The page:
I love lichens and mosses, both the smell of their haunts, and their sheer painterly textures and forms. Sometimes I am tempted to learn to identify them and call them by their “proper” names. Mostly though it is enough, and indeed preferable, just to enjoy their essences and individualities, and the sense of ancient landscape that I feel in their wild presence.
Perhaps your plangent words about the “aaah” of finding the art-love again, of becoming at home with the paper and your hand moving across it, will pull me closer to my watercolour paints again… I hope so, and that your mood continues to lift, and your spirit too.
So good to hear that you are emerging into the daylight Bramel and that the extraordinary setting of La Mirage at Helmsdale has cheered you on your way!.
Its reputation is such that in Dornoch two years ago I met an elderly “midwife to Sutherland and Caithness” who said “always ask for half portions, and mention my name (which I forget now – Mairi?) to the chef”.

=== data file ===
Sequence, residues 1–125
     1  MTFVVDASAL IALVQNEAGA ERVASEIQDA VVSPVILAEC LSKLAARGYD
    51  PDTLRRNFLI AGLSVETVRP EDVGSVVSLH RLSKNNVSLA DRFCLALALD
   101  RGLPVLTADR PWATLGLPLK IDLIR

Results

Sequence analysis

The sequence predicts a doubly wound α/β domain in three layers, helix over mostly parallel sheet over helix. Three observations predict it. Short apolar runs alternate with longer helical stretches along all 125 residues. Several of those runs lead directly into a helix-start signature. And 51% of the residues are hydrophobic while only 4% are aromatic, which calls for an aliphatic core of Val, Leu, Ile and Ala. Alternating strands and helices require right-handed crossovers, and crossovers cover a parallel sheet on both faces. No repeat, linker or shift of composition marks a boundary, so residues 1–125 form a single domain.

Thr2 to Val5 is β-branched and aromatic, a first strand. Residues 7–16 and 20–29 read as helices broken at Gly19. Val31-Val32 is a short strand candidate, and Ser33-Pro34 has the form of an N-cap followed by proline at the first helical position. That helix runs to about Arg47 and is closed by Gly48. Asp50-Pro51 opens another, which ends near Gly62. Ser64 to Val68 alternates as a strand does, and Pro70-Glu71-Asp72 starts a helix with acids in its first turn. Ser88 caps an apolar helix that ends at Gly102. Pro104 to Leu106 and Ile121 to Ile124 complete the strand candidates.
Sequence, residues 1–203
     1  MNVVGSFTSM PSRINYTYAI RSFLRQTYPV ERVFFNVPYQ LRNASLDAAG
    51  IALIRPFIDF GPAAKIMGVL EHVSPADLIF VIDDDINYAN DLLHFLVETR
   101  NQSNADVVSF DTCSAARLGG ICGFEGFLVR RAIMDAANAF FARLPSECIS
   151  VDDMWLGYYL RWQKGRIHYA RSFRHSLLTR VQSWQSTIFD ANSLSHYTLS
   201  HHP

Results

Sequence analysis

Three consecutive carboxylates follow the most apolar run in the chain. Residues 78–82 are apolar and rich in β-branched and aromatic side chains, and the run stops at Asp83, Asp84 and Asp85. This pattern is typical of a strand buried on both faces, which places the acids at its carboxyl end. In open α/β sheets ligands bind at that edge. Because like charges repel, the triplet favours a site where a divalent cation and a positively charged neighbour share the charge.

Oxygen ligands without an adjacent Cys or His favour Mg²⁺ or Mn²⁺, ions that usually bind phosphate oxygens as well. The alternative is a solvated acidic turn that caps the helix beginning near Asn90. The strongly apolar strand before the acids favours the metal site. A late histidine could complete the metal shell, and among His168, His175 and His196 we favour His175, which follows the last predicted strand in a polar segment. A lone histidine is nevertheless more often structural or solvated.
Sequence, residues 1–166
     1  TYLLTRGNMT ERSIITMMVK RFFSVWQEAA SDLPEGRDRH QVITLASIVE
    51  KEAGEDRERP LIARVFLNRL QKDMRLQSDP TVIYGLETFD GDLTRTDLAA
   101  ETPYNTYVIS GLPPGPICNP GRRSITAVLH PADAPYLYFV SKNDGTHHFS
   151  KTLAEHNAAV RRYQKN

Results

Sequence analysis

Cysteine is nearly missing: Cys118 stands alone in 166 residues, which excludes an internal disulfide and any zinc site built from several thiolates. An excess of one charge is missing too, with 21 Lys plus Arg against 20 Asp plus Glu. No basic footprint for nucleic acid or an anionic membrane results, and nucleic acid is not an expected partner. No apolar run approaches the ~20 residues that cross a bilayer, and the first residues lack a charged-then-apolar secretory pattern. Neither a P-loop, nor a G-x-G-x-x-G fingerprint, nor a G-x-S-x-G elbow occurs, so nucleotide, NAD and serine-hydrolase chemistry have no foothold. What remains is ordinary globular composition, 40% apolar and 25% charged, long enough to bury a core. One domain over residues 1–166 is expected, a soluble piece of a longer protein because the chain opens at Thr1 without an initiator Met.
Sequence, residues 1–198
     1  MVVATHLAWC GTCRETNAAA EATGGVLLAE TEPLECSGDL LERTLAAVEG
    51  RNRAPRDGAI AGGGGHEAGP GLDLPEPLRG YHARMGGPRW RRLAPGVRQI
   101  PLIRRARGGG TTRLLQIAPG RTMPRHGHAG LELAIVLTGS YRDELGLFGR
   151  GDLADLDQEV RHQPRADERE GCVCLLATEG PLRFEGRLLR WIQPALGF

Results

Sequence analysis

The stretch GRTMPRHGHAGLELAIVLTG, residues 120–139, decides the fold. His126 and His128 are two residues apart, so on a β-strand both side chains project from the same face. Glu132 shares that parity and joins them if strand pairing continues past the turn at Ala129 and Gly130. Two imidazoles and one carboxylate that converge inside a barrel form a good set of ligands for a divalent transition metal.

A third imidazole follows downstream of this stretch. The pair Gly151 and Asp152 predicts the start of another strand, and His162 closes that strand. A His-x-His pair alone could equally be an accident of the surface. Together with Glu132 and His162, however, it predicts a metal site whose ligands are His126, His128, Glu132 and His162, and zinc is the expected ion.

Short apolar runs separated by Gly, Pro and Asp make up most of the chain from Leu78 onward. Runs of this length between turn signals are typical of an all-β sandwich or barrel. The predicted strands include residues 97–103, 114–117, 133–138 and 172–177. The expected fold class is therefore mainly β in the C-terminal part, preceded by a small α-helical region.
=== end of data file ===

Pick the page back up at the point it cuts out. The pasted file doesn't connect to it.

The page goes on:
When I took my friends Angela & Steve there last year, I did just that, and the staff knew exactly who I meant, and were extra-nice to us on her behalf!
Thank you for the invitation to join you on this writing journey. When you spoke of music, Manfred Mann’s Plains Music sprang to mind xxxx https://www.youtube.com/watch?v=jaYq79Ou3Rc
That’s such a wonderful suggestion – thank you! I am sitting here with my enormous headphones on, enjoying the entire album in all its resonance and richness. As I am rather deaf, wearing a decent set of headphones is a lovely – and relatively recent – route to wraparound sound. Particularly enjoying the saxaphone, and the reverb on the guitars, and – well – all the things! Thank you again xx